STARTING PITCHER: Lackey is the same age (31) and has the same ERA (3.81) as Burnett when Burnett went on the free-agent market last year, when he received $82.5 million over five years from the Yankees. Lackey has been slightly more durable than Burnett (234 games to 215 games), so he's looking at something in the range of $90 million. Randy Wolf is the next-best option, but he's 33 and has won more than 12 games in a season once.

Otherwise, this is a landmine of potential problems. There is grab bag of injury risks (Rich Harden, Justin Duchscherer, Kelvim Escobar, Jose Contreras, Erik Bedard, Ben Sheets, Mark Mulder, Mark Prior and Mike Hampton) and rotation fillers (Jason Marquis, Jon Garland, Livan Hernandez, Brad Penny, Carl Pavano, Jarrod Washburn, Joel Piniero and Doug Davis). Beware: The Red Sox dipped into this grab bag last year to put more than a quarter of their season in the hands of Penny, John Smoltz and Paul Byrd. Boston went 20-24 in those starts.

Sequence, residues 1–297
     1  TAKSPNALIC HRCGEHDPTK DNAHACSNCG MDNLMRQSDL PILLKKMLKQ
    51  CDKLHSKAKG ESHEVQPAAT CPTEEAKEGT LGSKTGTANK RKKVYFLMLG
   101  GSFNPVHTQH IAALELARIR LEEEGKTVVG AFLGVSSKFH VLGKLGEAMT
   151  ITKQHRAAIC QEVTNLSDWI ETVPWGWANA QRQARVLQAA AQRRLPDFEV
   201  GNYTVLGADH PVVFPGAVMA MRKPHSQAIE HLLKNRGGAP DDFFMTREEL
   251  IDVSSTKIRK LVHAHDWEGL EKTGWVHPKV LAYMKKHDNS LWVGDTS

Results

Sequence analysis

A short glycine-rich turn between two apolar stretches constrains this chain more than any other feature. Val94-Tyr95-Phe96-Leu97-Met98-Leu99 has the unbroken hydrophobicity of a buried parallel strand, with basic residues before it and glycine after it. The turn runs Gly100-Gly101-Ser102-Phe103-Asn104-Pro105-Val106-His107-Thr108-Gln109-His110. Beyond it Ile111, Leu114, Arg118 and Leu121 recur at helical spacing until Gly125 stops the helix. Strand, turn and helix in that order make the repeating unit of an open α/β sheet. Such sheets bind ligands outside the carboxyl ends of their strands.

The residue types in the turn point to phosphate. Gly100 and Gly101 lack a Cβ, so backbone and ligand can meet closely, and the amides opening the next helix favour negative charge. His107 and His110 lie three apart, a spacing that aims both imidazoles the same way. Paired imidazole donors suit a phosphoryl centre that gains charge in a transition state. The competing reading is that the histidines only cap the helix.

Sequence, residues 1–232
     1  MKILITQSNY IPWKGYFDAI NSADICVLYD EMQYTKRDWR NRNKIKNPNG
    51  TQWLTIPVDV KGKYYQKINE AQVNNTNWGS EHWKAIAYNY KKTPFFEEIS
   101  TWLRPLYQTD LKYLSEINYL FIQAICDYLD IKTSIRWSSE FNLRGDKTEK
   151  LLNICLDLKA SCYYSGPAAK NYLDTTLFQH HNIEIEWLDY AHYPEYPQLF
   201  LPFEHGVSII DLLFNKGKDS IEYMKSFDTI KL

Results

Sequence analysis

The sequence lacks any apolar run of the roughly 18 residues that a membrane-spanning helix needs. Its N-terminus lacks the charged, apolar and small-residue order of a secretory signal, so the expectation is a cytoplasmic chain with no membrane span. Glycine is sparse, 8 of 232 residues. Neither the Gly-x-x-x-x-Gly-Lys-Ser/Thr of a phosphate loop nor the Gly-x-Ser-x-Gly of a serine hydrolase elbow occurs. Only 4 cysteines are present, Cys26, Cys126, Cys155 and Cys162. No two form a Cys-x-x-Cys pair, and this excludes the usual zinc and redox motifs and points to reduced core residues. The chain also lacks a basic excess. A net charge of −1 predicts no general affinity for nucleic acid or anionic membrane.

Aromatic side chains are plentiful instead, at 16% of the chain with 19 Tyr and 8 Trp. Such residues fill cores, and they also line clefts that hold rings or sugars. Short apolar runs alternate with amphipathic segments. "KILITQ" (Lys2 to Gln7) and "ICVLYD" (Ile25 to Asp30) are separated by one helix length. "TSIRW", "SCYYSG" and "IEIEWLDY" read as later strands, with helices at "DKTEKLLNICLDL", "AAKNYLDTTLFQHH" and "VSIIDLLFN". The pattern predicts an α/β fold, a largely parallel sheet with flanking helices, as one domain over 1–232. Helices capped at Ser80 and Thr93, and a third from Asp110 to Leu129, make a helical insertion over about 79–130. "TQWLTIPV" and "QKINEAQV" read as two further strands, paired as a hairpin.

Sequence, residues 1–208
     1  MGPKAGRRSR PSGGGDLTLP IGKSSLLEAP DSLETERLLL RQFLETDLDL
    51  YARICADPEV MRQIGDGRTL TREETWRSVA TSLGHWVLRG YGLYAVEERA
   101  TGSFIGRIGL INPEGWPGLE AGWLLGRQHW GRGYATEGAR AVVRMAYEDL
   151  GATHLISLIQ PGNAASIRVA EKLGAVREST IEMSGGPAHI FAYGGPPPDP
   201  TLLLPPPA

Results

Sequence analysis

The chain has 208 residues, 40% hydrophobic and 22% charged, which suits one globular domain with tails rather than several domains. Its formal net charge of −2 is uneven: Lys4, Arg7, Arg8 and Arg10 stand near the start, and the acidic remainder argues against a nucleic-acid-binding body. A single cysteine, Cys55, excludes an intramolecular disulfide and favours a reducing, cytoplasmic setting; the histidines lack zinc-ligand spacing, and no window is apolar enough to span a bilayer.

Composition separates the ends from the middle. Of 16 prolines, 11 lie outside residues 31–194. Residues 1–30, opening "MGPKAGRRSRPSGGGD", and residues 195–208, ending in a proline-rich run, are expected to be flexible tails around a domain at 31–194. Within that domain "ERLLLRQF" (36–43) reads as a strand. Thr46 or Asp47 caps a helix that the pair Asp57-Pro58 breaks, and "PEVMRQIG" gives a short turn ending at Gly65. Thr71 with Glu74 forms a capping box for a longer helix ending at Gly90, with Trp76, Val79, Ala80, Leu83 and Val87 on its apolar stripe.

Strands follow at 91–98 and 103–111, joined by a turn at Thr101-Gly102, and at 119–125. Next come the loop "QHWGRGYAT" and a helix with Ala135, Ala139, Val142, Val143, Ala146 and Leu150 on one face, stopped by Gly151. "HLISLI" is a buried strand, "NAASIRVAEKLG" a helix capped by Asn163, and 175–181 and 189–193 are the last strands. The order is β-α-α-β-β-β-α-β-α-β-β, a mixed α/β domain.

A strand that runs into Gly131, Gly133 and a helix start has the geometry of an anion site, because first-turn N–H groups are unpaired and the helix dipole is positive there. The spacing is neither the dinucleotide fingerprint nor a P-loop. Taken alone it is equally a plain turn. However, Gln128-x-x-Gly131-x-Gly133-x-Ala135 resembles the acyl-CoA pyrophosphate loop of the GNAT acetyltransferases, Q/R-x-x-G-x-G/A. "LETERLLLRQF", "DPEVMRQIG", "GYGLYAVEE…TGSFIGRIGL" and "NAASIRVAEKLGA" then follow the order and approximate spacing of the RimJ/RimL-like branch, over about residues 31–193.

RELIEF PITCHER: The Royals wasted $15.25 million last year on Kyle Farnsworth and Juan Cruz, but the market for left-handed relief pitching turned out to be fairly cost-effective (Denys Reyes, Trever Miller, Arthur Rhodes, postseason version of Damaso Marte, Jeremy Affeldt, etc.). John Grabow would be a good pickup, but as Cruz discovered last year, teams are reluctant to sign Type A pitchers who neither start nor finish games. Mike Gonzalez, Rafael Soriano, Fernando Rodney and Jose Valverde should remind all clubs of Brian Fuentes: Be careful about spending too much money on any closer not named Mariano Rivera, Joe Nathan, Jonathan Papelbon, Joakim Soria or Jonathan Broxton. Cases in point: Fuentes, Kerry Wood, Francisco Rodriguez and Kevin Gregg.